At some point in every parent’s life will come the time when babies put everything in their mouth! You turn around and they have the car keys in their mouth or no matter how much you hoover they manage to find the smallest crumb and put it in their mouth! This can seem strange to us but they are simply making sense of the world through their sensory experiences. To understand why this is an essential part of child development it can be helpful to look at sensory play.

What is sensory play?

Babies and toddlers love to explore the world and they can do this through their senses: touch, hearing, sight, smell, taste and movement. Sensory play is when parents or caregivers create an activity for their little one to explore which uses and stimulates some of these senses. In a previous blog we discussed how the brain develops by creating neural pathways to link brain cells. When babies explore through sensory play, they are learning through different experiences which helps strengthen these neural pathways and in the long term leads to better sensory processing skills – there are huge benefits of sensory play! When we use our senses to learn we are more likely to remember the information and the more different senses that are engaged, the more we learn. (Parenting for brain, 2020)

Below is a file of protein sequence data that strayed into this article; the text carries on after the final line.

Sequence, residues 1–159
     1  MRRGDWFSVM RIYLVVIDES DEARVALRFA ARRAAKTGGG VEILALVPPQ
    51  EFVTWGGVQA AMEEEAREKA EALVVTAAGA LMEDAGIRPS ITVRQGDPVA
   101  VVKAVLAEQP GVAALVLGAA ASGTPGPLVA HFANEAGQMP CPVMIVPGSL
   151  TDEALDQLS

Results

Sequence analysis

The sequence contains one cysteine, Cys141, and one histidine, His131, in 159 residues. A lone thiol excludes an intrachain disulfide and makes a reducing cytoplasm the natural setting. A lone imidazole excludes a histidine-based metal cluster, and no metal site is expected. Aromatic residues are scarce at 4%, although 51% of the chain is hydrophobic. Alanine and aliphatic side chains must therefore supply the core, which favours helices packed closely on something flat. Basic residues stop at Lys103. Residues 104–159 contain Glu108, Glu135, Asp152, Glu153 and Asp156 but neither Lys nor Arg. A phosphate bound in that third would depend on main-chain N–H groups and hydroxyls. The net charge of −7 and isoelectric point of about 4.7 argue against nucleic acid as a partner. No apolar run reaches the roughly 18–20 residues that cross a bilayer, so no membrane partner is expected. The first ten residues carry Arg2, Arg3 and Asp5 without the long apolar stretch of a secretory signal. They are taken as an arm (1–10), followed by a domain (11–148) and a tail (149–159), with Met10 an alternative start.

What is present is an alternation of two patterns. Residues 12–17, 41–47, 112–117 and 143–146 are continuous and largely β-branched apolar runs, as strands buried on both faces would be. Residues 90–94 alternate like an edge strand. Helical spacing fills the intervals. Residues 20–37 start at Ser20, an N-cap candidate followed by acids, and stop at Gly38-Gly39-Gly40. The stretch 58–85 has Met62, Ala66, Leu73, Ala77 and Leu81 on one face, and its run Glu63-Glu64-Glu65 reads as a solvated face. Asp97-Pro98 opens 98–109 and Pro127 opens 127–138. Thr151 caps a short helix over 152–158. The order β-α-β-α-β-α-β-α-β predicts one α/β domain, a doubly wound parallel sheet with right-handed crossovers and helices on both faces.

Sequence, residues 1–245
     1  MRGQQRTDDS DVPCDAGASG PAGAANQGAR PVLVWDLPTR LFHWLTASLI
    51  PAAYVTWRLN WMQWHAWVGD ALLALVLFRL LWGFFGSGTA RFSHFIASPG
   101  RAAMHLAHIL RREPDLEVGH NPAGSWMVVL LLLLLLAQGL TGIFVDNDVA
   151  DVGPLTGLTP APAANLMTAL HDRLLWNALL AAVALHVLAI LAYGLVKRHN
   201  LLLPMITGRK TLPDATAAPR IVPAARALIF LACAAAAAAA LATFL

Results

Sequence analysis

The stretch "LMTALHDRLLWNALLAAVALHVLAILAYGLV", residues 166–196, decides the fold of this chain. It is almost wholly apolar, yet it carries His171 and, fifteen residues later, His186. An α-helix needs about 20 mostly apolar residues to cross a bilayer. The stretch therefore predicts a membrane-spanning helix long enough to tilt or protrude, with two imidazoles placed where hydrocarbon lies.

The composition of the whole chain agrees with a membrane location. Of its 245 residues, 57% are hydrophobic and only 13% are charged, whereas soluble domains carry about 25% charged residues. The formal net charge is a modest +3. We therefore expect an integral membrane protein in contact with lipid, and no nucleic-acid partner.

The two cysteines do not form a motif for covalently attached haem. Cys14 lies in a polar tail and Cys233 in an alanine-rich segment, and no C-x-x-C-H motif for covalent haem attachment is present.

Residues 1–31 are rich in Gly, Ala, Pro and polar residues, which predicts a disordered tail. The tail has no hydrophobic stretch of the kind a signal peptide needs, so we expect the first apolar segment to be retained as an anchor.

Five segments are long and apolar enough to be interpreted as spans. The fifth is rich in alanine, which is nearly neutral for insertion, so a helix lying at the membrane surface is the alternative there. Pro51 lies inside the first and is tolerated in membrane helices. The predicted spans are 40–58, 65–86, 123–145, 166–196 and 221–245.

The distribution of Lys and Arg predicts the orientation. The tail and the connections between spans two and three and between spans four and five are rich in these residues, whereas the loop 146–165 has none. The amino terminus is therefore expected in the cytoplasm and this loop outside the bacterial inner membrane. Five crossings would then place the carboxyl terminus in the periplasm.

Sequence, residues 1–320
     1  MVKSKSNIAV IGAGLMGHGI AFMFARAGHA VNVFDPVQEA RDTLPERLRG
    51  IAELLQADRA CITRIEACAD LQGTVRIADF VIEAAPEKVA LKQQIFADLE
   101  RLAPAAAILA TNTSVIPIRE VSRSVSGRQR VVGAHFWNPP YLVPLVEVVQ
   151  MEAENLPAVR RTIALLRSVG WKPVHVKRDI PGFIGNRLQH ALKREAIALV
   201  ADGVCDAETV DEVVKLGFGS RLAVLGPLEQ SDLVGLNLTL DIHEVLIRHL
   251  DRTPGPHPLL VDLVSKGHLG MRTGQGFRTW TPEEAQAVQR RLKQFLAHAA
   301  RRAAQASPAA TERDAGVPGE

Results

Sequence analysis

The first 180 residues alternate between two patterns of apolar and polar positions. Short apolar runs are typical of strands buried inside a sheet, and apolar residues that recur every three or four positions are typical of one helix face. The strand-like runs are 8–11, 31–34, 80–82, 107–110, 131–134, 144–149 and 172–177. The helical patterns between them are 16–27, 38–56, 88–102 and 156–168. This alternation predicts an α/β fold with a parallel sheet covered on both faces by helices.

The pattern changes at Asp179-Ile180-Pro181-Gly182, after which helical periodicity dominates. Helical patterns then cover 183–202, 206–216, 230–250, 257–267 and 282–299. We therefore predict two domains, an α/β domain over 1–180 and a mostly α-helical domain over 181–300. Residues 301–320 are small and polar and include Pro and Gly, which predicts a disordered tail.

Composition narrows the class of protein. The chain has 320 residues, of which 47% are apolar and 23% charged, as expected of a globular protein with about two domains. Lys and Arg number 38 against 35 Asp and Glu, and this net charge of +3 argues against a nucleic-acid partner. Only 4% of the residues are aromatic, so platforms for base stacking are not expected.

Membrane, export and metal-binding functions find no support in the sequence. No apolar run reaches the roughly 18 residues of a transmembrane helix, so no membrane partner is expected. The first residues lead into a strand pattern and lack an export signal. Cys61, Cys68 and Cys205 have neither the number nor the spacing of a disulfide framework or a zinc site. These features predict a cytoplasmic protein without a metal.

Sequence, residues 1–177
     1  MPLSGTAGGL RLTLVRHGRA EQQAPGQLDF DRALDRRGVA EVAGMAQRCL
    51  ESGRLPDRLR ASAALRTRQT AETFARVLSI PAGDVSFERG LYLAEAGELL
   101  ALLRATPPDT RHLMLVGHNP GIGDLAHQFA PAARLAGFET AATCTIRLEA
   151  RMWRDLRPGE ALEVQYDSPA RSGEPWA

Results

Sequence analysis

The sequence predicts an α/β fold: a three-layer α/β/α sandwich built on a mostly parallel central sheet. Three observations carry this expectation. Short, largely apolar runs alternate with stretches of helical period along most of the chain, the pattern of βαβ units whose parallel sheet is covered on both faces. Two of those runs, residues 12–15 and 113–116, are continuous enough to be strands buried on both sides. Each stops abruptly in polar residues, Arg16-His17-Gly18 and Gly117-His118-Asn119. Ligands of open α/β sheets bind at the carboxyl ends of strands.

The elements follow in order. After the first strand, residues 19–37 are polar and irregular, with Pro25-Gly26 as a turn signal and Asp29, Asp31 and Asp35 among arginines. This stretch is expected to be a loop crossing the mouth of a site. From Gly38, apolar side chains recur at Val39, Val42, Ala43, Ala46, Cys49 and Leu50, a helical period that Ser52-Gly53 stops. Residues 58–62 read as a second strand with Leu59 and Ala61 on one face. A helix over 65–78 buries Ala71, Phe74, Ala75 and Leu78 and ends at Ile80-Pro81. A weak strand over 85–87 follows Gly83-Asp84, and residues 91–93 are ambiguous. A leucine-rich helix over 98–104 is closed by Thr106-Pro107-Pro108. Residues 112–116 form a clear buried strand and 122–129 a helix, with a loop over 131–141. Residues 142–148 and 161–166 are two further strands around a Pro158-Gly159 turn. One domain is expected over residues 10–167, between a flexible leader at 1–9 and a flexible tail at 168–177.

How can I do sensory play?

If you are like me, the thought of sensory play might conjure up images of glitter covered floors and food dye over everything. There are, however, many different ways you can help your child explore their senses without mess or costing the earth! You can create a sensory box, to be used under direct supervision, from items around your home containing wooden rolling pins, metal spoons and saucepans. Talking about the items as they investigate them will also enhance their language development. Watch how they explore these new items and use their senses to try to understand what they are holding.

If you have some dry pasta you can put it into an empty, clear plastic bottle and secure the lid back on. Your little one will love listening to the sound the bottle makes and watching the pasta move around in the bottle. You can also try lentils and dry rice in different bottles so your child can investigate the different sounds these make. Check out our blog on creating sensory bottles for more ideas!

A great sensory experience which my own little ones have enjoyed is with cornflour. Get a large tray and scoop some corn flour onto the tray. Mix it with water and you get this fascinating material which can be drawn in and have cars driven through it – they are using touch and sight to learn what will happen when they put their finger into the tray. As they try to move a small toy car in the cornflour they will be developing their fine and gross motor skills.

Kindermusik and sensory play

We understand at Kindermusik how important sensory play is for optimising brain development and that is why we incorporate sensory play into our lessons. Through scarf play, for example, your little one will reach out for it and use their sense of touch to feel the material. As they move it around to the music, they will be using both their visual and hearing senses. What a great activity to strengthen brain development as well as developing them physically!  Is there a favourite sensory play activity your little one enjoys? We would love to hear your ideas in the comments below.

Check out these ideas for and more examples of sensory play: